Data privacy part of transportation technology, smart cities conversation at SXSW

During a March 12 panel on connecting transportation technology during the 2016nSouth by Southwest Conferences & Festivals, panelists discussed data privacy.

During a March 12 panel on connecting transportation technology during the 2016nSouth by Southwest Conferences & Festivals, panelists discussed data privacy.

Data privacy, a topic that ride-hailing companies Uber and Lyft have discussed with Austin City Council, is a key part of the conversation surrounding integrating transportation options to create smart cities, said Andrew Salzberg, senior operations manager for Uber.

During a March 12 panel on connecting transportation technology during the South by Southwest Conferences & Festivals, Salzberg said the definition of a smart city varies in the industry.

“For us it’s clever uses of the available resources. For us that’s cars on the road,” he said. “How this plays out and what we’re hoping to do is to come to a place where every car on the road is shared.”

He said Uber is looking at all ways of getting people to share their vehicles, especially given that 80 percent of U.S. workers commute alone in their vehicles.

Uber also has a software platform available for developers to integrate Uber’s services into other apps. Salzberg said Uber has more constraints on digitizing data and making it usable because of the privacy issues with data. He said part of Uber’s value is riders trusting the company’s data and security.

“What we’re always looking for is ‘What are the ways the data we produce can be extremely valuable to cities that doesn’t violate the privacy constraints that we have?’” he said. “… It’s the next frontier for us.”

Uber and Lyft have both been involved with changes to the city’s ordinance regulating transportation network companies, also known as ride-hailing companies. City Council discussed the changes for months and approved them Dec. 18. Among those changes was a requirement for the TNCs to submit data to the city as well as fingerprinting TNC drivers as part of the background check.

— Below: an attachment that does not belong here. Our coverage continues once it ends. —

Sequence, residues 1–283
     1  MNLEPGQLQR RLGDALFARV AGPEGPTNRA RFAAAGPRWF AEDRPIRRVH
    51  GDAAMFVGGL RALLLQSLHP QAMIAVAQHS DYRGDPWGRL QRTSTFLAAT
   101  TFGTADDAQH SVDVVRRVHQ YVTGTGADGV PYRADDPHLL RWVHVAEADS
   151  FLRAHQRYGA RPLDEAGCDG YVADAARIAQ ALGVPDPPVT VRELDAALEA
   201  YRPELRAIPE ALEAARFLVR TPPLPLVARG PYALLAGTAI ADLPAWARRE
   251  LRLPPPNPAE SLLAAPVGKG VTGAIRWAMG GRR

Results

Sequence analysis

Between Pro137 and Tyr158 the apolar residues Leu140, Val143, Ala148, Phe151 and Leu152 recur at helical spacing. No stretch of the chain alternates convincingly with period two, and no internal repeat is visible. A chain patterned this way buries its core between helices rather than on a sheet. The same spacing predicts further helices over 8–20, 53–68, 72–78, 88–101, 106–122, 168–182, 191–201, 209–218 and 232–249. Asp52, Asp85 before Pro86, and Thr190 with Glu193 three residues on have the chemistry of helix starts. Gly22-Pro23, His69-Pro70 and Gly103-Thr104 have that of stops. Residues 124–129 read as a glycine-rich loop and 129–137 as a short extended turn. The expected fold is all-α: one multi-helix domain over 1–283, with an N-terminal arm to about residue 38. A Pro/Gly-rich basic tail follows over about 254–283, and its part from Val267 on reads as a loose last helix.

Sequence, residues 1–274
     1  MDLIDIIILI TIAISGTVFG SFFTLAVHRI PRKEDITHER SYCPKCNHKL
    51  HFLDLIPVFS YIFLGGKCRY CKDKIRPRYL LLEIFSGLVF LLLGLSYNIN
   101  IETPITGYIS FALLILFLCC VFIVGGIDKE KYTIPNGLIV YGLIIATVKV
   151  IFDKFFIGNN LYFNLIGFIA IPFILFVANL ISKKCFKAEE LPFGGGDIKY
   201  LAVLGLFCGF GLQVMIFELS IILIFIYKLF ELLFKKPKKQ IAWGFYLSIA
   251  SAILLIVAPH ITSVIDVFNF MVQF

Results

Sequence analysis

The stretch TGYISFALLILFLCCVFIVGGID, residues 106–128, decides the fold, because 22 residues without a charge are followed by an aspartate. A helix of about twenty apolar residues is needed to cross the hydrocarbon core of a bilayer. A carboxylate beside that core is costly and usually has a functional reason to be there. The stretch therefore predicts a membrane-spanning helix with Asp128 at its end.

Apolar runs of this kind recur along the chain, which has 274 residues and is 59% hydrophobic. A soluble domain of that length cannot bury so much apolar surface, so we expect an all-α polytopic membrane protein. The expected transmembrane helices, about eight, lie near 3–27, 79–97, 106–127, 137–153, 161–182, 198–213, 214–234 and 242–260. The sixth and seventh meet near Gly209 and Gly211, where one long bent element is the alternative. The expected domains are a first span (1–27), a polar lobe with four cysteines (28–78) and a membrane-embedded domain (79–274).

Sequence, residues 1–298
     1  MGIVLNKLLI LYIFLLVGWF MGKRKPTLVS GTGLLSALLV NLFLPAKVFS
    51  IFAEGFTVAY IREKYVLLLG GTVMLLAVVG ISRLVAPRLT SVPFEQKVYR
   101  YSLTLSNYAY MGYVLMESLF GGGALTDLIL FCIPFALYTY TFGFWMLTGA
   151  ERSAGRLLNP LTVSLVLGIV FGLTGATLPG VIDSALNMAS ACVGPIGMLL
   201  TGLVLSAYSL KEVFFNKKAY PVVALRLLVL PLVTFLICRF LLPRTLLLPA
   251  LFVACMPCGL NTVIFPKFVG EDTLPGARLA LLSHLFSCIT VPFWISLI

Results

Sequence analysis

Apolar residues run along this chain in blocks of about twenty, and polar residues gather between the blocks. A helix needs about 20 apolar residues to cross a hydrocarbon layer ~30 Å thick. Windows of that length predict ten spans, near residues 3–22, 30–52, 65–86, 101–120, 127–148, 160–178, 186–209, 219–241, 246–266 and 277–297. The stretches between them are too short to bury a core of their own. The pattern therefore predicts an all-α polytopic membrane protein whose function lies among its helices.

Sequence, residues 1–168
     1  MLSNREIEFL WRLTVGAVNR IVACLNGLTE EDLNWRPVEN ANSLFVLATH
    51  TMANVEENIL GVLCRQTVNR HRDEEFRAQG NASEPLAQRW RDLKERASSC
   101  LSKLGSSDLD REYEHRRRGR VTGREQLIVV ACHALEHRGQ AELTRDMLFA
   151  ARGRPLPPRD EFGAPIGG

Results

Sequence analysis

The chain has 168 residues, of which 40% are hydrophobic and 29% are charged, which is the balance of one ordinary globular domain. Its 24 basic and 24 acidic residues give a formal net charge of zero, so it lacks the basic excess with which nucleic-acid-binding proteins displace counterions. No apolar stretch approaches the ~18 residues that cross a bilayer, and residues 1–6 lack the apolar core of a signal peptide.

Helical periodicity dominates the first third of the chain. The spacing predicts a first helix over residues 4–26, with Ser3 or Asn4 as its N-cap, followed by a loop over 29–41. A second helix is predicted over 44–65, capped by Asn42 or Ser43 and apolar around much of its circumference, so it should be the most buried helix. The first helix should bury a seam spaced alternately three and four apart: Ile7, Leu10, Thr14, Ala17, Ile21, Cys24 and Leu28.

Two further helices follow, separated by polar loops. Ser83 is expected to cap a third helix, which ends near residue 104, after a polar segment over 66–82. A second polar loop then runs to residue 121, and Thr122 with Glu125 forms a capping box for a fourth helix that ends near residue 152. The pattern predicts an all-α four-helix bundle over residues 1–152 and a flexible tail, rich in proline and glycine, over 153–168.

A group of citizens petitioned council to adopt “common-sense ride-sharing rules,” but council chose not to adopt those rules and instead voted to call an election May 7 to allow voters to decide on the issue.

Iain Macbeth, business change program manager of roads for Transport for London, said TfL has an open-data policy, similar to Capital Metro’s open-data tool in Austin, for developers to use.

He said people are not usually comfortable with being tracked but often do not realize the terms and conditions they accept with software upgrades.

“Behavior change is one of the of key things about data privacy going forward in how we actually engage consumers about what is good and what’s not so great,” he said.

The city of Austin is also engaging in other smart city discussions. It is one of 78 U.S. cities that applied for the U.S. Department of Transportation’s Smart City Challenge. Cities are asked to create innovative ideas on addressing challenges such as traffic and increasing population.

Five finalists will be announced March 13 at the Beyond Traffic: The Emergence of a Connected City panel.
By Amy Denney

Managing Editor, Austin metro

Amy has worked for Community Impact Newspaper since September 2010, serving as reporter and later senior editor for the Northwest Austin edition as well as covering transportation in the Austin metro. She is now managing editor for the 10 publications in the Central Texas area from Georgetown to New Braunfels.



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